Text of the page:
In Parts 1-3 of the Brand Color Theory and Practice series, you learned why color matters, how color can make or break a brand, and what colors mean. Follow the preceding links to read each part if you missed them, because this article puts all of those lessons into practice by introducing you to some great examples of companies that use brand color as a core component of their brand-building success strategy.
As you learned earlier in this series, color can evoke feelings in people and elicit physiological reactions. Therefore, choosing the right colors for your brand color palette should be a critical part of your brand development process.
While every brand uses color in its logo and identity guidelines, few use color so well that their brand and their brand color have become synonymous. In other words, the brand color has evolved to clearly communicate the brand promise without any words. For example, in Part 1 of this series you learned how Breast Cancer Awareness Pink has become a symbol of the nonprofit in a way that companies should study and learn from.
Following are some great examples of companies that have succeeded with color which you can benchmark as you develop your own brand color palette.
In Part 3 of this series, you learned that brown represents reliability and stability. What better color to represent the secure and guaranteed delivery of consumers’ important packages than brown?
It might seem at first that brown is a poor choice for a brand color, it’s the same color as dirt after all, but the psychology of the color brown is in perfect alignment with the UPS brand promise. Today, people see a brown UPS truck in the distance, and they know exactly what it means — a package is coming.
Is it even remotely surprising that the primary brand color for Whole Foods is green, the color that represents freshness and nature? Nope. This is a brand that took the safe and obvious route to represent its brand promise through its color palette, and why not? If the color works, use it.
Whole Foods presents the perfect example of how important it is to consider consumer perceptions and expectations for your brand and your market when selecting your brand color palette. Consumers expect an organic and natural food company to be “green” so using the color green as the company’s primary brand color is an easy choice. Whole Foods isn’t a brand that tries to go against the organic and freshness craze — that’s what the brand is all about!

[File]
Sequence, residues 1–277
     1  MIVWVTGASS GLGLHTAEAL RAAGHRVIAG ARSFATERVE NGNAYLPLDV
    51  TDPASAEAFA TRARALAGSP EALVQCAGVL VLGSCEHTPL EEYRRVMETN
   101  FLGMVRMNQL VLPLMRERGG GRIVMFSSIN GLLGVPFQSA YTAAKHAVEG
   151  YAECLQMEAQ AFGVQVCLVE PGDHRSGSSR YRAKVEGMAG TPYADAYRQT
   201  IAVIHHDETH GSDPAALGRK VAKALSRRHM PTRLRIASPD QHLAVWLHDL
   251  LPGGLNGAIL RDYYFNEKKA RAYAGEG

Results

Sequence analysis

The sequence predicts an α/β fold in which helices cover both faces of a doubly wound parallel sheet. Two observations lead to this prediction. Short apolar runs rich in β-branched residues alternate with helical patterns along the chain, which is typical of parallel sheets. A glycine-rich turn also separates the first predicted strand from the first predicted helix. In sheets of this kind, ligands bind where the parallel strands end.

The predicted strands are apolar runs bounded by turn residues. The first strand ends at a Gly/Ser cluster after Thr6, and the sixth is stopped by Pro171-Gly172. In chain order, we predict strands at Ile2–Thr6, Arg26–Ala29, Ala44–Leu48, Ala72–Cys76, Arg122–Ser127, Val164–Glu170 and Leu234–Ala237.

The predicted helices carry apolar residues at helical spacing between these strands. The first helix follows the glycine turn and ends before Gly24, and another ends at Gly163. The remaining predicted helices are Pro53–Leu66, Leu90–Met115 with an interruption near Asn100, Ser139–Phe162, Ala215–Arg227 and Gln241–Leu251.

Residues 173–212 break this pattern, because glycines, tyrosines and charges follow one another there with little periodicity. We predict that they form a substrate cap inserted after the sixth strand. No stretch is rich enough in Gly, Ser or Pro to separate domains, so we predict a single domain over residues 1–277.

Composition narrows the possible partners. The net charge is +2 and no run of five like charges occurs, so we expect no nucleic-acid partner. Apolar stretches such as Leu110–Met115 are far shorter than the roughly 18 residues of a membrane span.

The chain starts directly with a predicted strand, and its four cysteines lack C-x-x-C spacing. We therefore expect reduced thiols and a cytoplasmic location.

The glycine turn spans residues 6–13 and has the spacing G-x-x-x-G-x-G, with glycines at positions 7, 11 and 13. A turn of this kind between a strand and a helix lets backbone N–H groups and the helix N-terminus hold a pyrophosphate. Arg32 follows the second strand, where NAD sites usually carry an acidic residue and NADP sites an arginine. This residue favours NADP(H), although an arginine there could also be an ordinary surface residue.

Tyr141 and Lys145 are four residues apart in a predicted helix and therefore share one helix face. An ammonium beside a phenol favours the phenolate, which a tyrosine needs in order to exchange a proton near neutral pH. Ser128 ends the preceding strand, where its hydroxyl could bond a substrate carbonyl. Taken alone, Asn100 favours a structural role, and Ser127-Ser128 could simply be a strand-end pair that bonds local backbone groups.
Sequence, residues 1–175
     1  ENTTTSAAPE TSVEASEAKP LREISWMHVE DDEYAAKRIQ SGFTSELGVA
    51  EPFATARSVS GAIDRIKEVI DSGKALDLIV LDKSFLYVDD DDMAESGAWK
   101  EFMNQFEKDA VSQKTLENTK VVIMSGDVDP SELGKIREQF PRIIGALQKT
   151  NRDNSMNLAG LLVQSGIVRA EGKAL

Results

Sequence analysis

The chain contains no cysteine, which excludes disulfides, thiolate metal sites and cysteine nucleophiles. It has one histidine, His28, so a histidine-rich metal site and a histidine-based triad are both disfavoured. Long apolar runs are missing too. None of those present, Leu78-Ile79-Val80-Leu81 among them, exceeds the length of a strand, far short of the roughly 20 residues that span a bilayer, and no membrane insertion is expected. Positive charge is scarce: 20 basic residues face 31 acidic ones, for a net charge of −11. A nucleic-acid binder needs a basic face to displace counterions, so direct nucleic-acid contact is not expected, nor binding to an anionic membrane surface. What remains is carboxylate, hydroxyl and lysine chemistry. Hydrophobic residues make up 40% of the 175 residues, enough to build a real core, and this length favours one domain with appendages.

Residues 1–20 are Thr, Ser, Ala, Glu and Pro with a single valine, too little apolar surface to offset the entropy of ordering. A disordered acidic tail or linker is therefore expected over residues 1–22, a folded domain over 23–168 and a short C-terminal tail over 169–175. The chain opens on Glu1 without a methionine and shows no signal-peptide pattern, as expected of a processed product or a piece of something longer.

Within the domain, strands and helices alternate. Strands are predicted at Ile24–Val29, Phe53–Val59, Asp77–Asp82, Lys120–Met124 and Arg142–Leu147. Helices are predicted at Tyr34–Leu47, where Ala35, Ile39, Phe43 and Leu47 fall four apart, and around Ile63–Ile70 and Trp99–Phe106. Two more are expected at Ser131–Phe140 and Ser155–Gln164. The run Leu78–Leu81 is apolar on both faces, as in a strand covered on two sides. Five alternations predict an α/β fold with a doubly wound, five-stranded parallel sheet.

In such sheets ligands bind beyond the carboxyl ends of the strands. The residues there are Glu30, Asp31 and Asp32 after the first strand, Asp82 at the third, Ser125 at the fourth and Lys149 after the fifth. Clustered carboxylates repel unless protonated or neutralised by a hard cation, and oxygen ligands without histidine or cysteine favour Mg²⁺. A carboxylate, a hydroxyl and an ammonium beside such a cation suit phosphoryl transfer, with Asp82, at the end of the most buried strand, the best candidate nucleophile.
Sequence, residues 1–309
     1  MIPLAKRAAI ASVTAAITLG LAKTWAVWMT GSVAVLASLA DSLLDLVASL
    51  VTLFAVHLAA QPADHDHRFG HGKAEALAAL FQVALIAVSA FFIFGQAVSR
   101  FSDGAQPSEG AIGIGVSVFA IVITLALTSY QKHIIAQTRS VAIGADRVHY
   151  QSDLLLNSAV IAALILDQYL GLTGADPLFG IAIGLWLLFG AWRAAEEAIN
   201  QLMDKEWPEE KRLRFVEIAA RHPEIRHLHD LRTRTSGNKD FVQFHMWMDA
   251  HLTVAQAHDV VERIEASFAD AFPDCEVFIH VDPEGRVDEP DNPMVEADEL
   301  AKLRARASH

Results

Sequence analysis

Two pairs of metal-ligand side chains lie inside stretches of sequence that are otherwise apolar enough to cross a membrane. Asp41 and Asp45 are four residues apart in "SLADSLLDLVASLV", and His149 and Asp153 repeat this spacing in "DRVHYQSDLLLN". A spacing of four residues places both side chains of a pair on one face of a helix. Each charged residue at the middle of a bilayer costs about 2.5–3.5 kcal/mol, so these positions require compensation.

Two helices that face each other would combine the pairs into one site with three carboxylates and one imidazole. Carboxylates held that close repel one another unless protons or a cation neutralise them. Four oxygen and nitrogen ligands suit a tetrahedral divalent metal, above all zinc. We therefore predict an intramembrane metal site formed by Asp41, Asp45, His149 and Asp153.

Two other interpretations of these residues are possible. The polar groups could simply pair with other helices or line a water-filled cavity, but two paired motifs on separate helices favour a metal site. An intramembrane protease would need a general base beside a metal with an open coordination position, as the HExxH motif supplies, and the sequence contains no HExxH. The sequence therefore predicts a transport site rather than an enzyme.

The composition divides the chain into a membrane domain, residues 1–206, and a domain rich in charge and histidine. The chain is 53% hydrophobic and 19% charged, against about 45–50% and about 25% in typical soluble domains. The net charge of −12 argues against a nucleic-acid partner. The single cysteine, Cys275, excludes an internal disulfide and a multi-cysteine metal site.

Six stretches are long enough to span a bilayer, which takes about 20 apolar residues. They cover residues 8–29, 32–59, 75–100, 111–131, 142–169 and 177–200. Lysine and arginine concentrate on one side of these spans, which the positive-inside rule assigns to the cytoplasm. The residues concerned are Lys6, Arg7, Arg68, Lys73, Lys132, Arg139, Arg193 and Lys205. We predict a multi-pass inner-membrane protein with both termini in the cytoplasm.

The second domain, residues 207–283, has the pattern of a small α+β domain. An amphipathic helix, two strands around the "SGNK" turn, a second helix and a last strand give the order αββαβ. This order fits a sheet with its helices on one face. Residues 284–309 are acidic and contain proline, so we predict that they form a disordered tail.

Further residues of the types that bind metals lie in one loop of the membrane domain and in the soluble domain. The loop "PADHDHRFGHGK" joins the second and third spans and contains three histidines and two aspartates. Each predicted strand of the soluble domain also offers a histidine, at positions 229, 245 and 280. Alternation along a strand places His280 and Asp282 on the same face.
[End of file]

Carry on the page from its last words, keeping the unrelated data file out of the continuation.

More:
What better color for a feminine brand than pink, right? Pink seems like an obvious choice for a feminine brand like Victoria’s Secret, but where Victoria’s Secret took the pink association to the next level of brand development was through consistency.
Everything about Victoria’s Secret is pink — from the retail bags, the in-store decor, the pink tissue paper used to wrap purchases, the line of Pink branded apparel and everything in between. For women, that pink color represents a symbol of sensuality, success (Victoria’s Secret garments are not cheap), and camaraderie as Victoria’s Secret has become the it brand for women.
Tiffany & Co.
Tiffany & Co. is a great example of a brand color that developed meaning over time. The robin’s egg blue color that came to be known as Tiffany Blue (custom Pantone color 1837, representing the year Tiffany & Co. was founded, which is now a registered trademark) debuted in the 1878 Tiffany’s Blue Book catalog.
It is speculated on the company’s website that the color may have been chosen because of the popular turquoise gemstone used in 19th century jewelry and which played an important part in wedding ceremonies at the time when brides would gift their attendants with a dove-shaped brooch set with turquoise as a symbol of remembrance.
As far as color psychology is concerned, turquoise blue symbolizes communication and creativity. For Tiffany & Co., the color evolved to represent style and sophistication. As the company explains, “Tiffany Blue boxes and shopping bags epitomize the jeweler’s great heritage of elegance, exclusivity, and flawless craftsmanship.”
However, the meaning of Tiffany Blue didn’t evolve overnight. It was through consistency and masterful brand guardianship by Charles Tiffany that Tiffany Blue became such an iconic symbol. Again, the Tiffany & Co. website explains the story from 1906 when Charles Tiffany insisted that no blue Tiffany box could leave one of his stores unless it contained a Tiffany product purchased in the store. Instantly, the blue box was given a sense of exclusivity that never disappeared.
Brand Color Lessons to Learn
The examples above teach us several important lessons:
- Brand color can be chosen based on its meaning and the physiological reactions the color elicits.
- Brand color can be chosen because it meets consumer perceptions and expectations for the market. Alternately, a color can be chosen because it goes against the grain of what consumers expect and it stands out from the crowd.
- Brand color can be taken to a new level of symbolism through its consistent use.
- Brand color can evolve to have meaning for consumers even if its psychological meaning isn’t a perfect match for the brand promise. In other words, your brand can give a color meaning rather than color simply giving a brand meaning.
Apply the lessons listed above to your own brand color development and management processes. Your business’ results will improve if you take the time to give brand color the attention it deserves.
If you missed previous parts in the Brand Color Theory and Practice series, follow the links to read them now:
- Brand Color Theory and Practice – Part 1: Why Color Matters
- Brand Color Theory and Practice – Part 2: How Color Can Make or Break a Brand
- Brand Color Theory and Practice – Color Meanings and Color Psychology